Tuesday, January 23, 2018

Popular hot spring towns near Osaka

This second post of the onsen (hot spring) series will be on onsen towns in the Kansai region~

1. Kinosaki Onsen(城崎温泉)




Kinosaki Onsen is located at the northern end of Hyogo prefecture(兵庫県), which is not exactly near Osaka/Kobe city, but many visitors to the Kansai region still make their way there for the fun of going around the traditional hot spring town in yukata (summer kimono) and trying the various public baths. The town is also picturesque with willow trees lining both sides of a river.


Most visitors stay here for one night, not simply due to the rather long journey from the city, but also because the ryokan (Japanese inns) here offer delectable local specialties such as crab (seasonal) and Tajima beef. Moreover, most ryokan provide passes to visit the 7 public baths for free. For those who do not stay here for the night, the pass would cost 1200 yen.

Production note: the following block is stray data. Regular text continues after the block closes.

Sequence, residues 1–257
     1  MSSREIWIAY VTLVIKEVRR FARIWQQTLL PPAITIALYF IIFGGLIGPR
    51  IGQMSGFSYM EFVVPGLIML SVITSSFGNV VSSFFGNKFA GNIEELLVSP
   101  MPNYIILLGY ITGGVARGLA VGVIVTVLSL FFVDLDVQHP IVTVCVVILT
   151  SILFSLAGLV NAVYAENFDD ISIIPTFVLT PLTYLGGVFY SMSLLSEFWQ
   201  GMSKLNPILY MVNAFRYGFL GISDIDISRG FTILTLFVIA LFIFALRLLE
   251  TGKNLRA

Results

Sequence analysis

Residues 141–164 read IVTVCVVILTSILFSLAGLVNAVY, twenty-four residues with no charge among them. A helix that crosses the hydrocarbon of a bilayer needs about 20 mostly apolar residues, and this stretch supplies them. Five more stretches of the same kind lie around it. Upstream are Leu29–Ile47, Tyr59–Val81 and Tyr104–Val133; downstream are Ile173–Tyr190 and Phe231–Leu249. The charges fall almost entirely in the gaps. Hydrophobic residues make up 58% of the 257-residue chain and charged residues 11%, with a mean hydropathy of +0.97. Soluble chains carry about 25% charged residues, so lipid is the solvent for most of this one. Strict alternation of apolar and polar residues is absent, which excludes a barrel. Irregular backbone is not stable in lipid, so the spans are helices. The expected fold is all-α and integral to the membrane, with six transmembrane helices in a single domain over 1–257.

As Kinosaki Onsen is located on the coast of the Sea of Japan, visitors can consider combining the trip with other attractions at this end of Honshu, such as Tottori's sand dunes on the left, and Kyoto's Amanohashidate 天橋立 (1 of the 3 best views of Japan which also has hot spring facilities) on the right, instead of making separate trips from the city. Both are about 2-hour train journey away from Kinosaki Onsen. Ine(伊根), known for its boat houses, can also be accessed by a 1-hour bus ride from Amanohashidate.

Another attraction is Takeda Castle(竹田城跡)aka Japan's Machu Picchu, which is on the way to/from Osaka.

Access from Osaka/Kyoto:

1. JR limited express train from Osaka/Shin-Osaka/Kyoto station (2.5 hours)
2. Zentan bus from Osaka (3 hours, low frequency)

The train journey is covered by JR pass (nationwide) and JR West Kansai Wide Area Pass.

2. Arima Onsen(有馬温泉)

Arima Onsen is probably the most accessible hot spring town from Osaka/Kobe city. It is 1 of the 3 oldest hot springs in Japan (日本三古湯), frequently visited by Japan's second great unifier Toyotomi Hideyoshi in the 16th century.

Arima Onsen is well-known for its brown-colored Kinsen 金泉 (gold water) and clear Ginsen 銀泉 (silver water). The former has iron deposits believed to be good for the skin and muscle aches, while the latter has radium and carbonate for relieving muscle and joint pains.

Due to its accessibility and compact size, many visitors come here as a day trip. Several onsen ryokan are opened to non-staying visitors. There are also 2 public baths, one with Kinsen and the other with Ginsen.